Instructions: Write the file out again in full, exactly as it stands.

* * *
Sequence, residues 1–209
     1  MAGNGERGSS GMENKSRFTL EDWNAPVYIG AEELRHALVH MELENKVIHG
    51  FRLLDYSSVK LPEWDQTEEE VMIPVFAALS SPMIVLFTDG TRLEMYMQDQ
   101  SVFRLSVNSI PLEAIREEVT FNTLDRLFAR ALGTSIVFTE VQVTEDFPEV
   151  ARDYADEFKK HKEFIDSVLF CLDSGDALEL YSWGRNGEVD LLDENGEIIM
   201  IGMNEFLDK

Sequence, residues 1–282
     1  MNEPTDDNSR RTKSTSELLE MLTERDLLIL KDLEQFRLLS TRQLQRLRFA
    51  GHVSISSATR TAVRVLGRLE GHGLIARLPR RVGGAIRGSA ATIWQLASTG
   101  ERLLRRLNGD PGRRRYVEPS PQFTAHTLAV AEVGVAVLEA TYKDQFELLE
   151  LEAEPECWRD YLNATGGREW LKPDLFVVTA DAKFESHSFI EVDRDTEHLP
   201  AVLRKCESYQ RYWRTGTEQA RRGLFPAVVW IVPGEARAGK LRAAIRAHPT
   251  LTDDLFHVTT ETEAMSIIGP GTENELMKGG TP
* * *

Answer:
Sequence, residues 1–209
     1  MAGNGERGSS GMENKSRFTL EDWNAPVYIG AEELRHALVH MELENKVIHG
    51  FRLLDYSSVK LPEWDQTEEE VMIPVFAALS SPMIVLFTDG TRLEMYMQDQ
   101  SVFRLSVNSI PLEAIREEVT FNTLDRLFAR ALGTSIVFTE VQVTEDFPEV
   151  ARDYADEFKK HKEFIDSVLF CLDSGDALEL YSWGRNGEVD LLDENGEIIM
   201  IGMNEFLDK

Sequence, residues 1–282
     1  MNEPTDDNSR RTKSTSELLE MLTERDLLIL KDLEQFRLLS TRQLQRLRFA
    51  GHVSISSATR TAVRVLGRLE GHGLIARLPR RVGGAIRGSA ATIWQLASTG
   101  ERLLRRLNGD PGRRRYVEPS PQFTAHTLAV AEVGVAVLEA TYKDQFELLE
   151  LEAEPECWRD YLNATGGREW LKPDLFVVTA DAKFESHSFI EVDRDTEHLP
   201  AVLRKCESYQ RYWRTGTEQA RRGLFPAVVW IVPGEARAGK LRAAIRAHPT
   251  LTDDLFHVTT ETEAMSIIGP GTENELMKGG TP